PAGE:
Despite being a formidable challenge, the global pandemic presents an enormous opportunity for the information and communication technology (ICT) sector.
The invaluable role of digital technologies in the response to the COVID-19 crisis is universally recognized, and now is the time to use that momentum to fast-track digital transformation, drive economic recovery, promote social inclusion and tackle the digital divide.
This was the finding of the three Ministerial Roundtables held at ITU Virtual Digital World 2020, bringing together ministers, regulators and private sector leaders from around the world to share their experiences and strategies in the digital sector in the COVID-19 era.
Co-organized by ITU and the government of Viet Nam, this was the first high-level ministerial meeting to be held online since the start of the pandemic.
Read on to discover the top five takeaways from the discussions – also available as videos and session summaries here.
1. Networks stood up well to the challenge of providing uninterrupted connectivity.
With traffic soaring by between 30 and 70 per cent at the height of the initial lockdown, network resilience was critical. Short-term government actions to support operators included regulatory relaxations on spectrum, infrastructure sharing and licencing, as well as recognizing telecom engineers as key workers able to move around to support and maintain critical infrastructure – all measures which could be introduced longer-term, too.
“The outbreak forced digitization at scale on society, so everything related to ICT took year-long leaps in a matter of months. We now need to make sure that pre-COVID regulations don’t hinder the potential of technology and communication in real time.”
– Konstantinos Masselos, President, Hellenic Telecommunications & Post Commission (EETT), Greece
2. Healthcare and education have been the big winners.
Digital has played an enormous role in healthcare, from track-and-trace to remote diagnosis, delivery of medicines by drones, and predictive tools using AI and big data. Education has turned digital at scale and at speed across the globe, with dedicated satellite channels, government subsidies to schools and end users and free access to learning platforms and websites.
The countries most successful in the fight against the pandemic are those who have already integrated digital technologies into policy and healthcare, according to Isias Barreto da Rosa, Chairman of the Board at ARME, Cape Verde. But accelerated digitization in both sectors has underscored the dramatic inequalities between the digital haves and have-nots.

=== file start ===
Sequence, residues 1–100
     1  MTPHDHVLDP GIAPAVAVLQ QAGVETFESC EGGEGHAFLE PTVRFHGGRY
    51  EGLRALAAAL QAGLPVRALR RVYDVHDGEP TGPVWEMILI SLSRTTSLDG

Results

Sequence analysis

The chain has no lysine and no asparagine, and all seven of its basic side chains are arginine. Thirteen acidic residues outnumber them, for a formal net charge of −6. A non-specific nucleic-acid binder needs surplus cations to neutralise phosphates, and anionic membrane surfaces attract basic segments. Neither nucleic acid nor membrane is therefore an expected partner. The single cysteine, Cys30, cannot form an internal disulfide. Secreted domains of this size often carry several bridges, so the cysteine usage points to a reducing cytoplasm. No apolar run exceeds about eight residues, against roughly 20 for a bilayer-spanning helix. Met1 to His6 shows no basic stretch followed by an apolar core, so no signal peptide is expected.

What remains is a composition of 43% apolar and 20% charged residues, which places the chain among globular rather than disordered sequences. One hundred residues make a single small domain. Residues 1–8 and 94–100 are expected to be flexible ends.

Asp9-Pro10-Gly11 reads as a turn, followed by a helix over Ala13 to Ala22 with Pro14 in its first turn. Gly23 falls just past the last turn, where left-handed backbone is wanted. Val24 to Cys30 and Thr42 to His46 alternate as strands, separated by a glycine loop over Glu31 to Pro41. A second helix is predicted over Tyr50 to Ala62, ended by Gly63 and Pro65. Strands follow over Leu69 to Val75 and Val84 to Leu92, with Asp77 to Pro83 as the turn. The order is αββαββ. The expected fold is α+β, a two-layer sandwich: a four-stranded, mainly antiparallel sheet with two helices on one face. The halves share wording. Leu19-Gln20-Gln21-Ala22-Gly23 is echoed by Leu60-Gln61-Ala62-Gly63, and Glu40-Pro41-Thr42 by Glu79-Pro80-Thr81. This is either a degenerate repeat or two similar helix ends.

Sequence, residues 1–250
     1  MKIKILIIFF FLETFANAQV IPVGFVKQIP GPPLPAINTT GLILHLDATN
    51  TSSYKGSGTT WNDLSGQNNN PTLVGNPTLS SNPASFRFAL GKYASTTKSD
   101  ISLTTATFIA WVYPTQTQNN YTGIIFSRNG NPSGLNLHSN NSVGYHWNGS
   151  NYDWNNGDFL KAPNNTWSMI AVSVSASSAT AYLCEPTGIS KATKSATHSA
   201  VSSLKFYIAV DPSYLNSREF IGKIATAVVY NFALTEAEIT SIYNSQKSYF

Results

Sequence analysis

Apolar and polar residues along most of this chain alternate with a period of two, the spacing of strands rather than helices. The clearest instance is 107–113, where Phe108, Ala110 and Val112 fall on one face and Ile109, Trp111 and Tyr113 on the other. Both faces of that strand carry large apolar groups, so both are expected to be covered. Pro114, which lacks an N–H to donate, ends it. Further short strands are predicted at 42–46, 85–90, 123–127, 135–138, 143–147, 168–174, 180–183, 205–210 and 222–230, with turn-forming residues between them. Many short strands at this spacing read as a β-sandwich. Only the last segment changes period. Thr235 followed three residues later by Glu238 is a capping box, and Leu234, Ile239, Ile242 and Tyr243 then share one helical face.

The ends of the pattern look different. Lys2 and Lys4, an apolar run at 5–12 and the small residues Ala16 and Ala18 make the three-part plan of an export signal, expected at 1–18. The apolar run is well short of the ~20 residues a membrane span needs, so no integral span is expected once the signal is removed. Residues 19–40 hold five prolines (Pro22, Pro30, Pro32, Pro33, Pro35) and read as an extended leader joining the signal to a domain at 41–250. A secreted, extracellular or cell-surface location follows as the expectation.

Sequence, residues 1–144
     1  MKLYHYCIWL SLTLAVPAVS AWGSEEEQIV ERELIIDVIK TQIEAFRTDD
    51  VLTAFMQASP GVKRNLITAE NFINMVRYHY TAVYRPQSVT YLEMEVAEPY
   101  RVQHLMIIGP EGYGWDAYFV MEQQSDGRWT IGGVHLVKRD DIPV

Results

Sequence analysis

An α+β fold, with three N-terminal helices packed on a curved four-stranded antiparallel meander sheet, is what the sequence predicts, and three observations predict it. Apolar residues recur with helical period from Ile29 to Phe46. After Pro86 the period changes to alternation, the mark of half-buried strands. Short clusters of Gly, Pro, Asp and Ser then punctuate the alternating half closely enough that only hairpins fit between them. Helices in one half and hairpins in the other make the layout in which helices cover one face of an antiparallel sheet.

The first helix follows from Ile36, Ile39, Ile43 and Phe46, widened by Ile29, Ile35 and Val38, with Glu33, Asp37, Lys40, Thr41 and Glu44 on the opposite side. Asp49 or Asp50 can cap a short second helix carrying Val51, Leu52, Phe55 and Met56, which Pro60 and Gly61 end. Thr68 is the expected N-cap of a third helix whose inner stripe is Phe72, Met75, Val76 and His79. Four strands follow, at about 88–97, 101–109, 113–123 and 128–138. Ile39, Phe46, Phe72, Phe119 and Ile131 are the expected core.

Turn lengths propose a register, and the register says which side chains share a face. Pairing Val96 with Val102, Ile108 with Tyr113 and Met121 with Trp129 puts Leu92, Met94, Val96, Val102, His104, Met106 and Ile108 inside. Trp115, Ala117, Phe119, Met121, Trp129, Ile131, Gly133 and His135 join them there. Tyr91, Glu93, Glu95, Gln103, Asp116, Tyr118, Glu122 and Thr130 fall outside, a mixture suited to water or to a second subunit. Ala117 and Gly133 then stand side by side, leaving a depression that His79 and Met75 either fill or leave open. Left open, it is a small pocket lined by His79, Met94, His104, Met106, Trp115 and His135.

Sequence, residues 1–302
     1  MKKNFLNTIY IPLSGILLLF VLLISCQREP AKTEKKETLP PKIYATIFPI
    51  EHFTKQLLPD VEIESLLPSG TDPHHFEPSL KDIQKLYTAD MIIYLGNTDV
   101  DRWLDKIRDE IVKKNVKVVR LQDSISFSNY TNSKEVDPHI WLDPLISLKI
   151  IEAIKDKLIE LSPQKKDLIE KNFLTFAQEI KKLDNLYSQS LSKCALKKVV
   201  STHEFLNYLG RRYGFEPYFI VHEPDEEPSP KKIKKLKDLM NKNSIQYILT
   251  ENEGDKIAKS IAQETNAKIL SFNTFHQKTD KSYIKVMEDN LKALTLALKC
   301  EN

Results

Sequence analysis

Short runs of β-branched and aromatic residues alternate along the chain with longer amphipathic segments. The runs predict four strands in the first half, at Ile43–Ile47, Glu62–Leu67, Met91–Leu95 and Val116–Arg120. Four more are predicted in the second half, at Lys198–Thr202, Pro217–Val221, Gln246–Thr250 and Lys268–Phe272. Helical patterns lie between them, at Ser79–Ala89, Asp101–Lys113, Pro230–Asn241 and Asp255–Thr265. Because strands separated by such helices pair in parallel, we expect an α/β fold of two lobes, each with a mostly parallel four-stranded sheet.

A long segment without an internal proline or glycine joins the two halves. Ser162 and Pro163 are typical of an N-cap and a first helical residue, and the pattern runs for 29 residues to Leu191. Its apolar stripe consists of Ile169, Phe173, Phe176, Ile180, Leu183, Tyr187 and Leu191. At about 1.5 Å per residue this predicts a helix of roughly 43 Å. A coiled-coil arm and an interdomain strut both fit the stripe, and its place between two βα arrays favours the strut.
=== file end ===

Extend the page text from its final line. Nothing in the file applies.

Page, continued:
3. Temporary fixes for government and businesses will continue post-pandemic.
Much of the day-to-day functioning of government and delivery of services to citizens moved online at pace – and is likely to stay there as the benefits of cost-effectiveness, efficiency and convenience have become clear.
As Isa Ali Ibrahim, Minister of Communications and Digital Economy, Nigeria, pointed out, digital technology has sustained government services and operations throughout the crisis with such success that “virtual engagement in federal government activities is now institutionalized.” The same leapfrog effect is true for large corporates, SMEs and growing numbers of e-commerce retailers.
4. Investing in digital skills is critical to recovery.
Human capacity development must be at the centre of policies and strategies on social inclusion and economic recovery. Digital literacy and a mindset open to digital transformation will allow people to survive and thrive; public private partnerships for skills development in the workforce now will build the foundation of sustainable economies in the future.
Ensuring the population all possess the correct skillset is a priority, explained Frédéric Genta, Country Chief Digital Officer of the Principality of Monaco: “We want every company to move to digital, and to make sure every person has the right opportunities to live in the digital world.”
5. The time for operating in silos is gone.
Governments and the private sector must collaborate to drive economic growth and close the digital divide. Administrations need to create the right enabling environment for investment, including revisiting taxation and regulatory frameworks; technology providers from satellite, mobile, fixed and emerging tech sectors must work together; and the creative innovation of tech SMEs should be supported and embraced within the industry ecosystem. Collaboration and cooperation between public and private, all industry stakeholders and across national and international boundaries is key to building back better – together.
“The most important lesson from COVID-19 is that the best resource we can retain is public private partnerships working together.”
– Rosa Nakagawa, Vice Minister of Communications, Ministry of Transport and Telecommunications
See all the highlights from ITU Virtual Digital World 2020, including photos, video sessions and session summaries, at digital-world.itu.int – and find out more about next year’s physical event, ITU Digital World 2021, taking place in October in Ha Noi, Viet Nam.
This blog was originally posted on ITU News.